Christine Barber talks about cerebral palsy throughout the lifespan
In September 2017 Christine Barber, took up a long-standing invitation from members of the South African Neurodevelopment Treatment Association (SANDTA – Bobath therapists’ association) to lecture and teach in South Africa.
Christine opened their 2017 Conference on “Transitions” with a keynote speech outlining the crucial periods which affect people with cerebral palsy, their activity, participation and health throughout the lifespan. She emphasised the importance of medical professionals understanding the evolving clinical picture of cerebral palsy throughout the course of life, so that intervention in the early years is not only focused on increasing children’s functional activities to support their participation in everyday situations, but is proactive in minimising the secondary changes that are associated with having a long-term neurodevelopmental condition, so that participation and health are maximised and maintained in adult life.
Christine particularly focused on the difference between the effects of having a long-term neurological condition and the physiological effects of aging, both of which can result in premature loss of function, decline in health, and therefore restrict participation. She emphasised the importance of therapists understanding the underlying global process that over time may lead to increasing pain and fatigue, both key symptoms of Post Impairment Syndrome, or more specific pathological processes that can lead to specific secondary neurological damage associated with dyskinetic movements.
She highlighted the importance of physical activity and fitness in counteracting the effects of typical aging on adults with cerebral palsy, and the need to be proactive in slowing down and managing the effects on function of the decline in physical strength that is a feature of the aging process.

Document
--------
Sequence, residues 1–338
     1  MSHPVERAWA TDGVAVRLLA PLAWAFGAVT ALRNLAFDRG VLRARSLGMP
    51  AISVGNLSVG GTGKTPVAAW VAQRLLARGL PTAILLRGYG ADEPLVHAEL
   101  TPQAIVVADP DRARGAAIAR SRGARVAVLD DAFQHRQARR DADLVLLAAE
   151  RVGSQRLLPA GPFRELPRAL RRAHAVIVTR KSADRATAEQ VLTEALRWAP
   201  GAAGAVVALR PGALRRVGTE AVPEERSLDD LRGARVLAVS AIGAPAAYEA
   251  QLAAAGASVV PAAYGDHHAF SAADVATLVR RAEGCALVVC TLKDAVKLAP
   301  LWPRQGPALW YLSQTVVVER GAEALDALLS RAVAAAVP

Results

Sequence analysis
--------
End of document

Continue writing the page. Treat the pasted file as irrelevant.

Here is Christine Barber in action at Malamulele Onwards in South Africa – a chrarity run by Dr Gillian Saloojee who trained and worked at Bobath in the 1990s. The charity runs Carer to Carer training programmes in rural South Africa.
Gemma runs for Bobath
Gemma Cook, our neurophysiotherapist, has volunteered to take on the Royal Parks Half Marathon challenge on Sunday 8 October 2017.
She will be running 13.1 miles around our beautiful scenic London parks, raising funds for the Bobath Centre for Adults.
If you’d like to sponsor her, donations can be made via mydonate
Meet a neurophysiotherapist
We are offering new clients with a neurological disability the opportunity of a free 45-minute face-to-face discussion with a Senior Neurophysiotherapist who will:
Listen to your concerns
Explain the role therapy plays in your independence, health and wellbeing
Offer guidance on an appropriate therapy plan
Carry out a manual handling assessment
The discussion will help you to get a feeling of what we do at the Bobath Centre, and what your individual needs and potential might be. It will not be a clinical assessment; that would still need to be done later. There will not be a written report.
You are welcome to bring family members or carers with you.
If you would like to meet a therapist, please email email@example.com
or phone 020 8444 3355 to arrange a time, and to let us know if you need to bring someone with you.
The Bobath Centre looks for a new home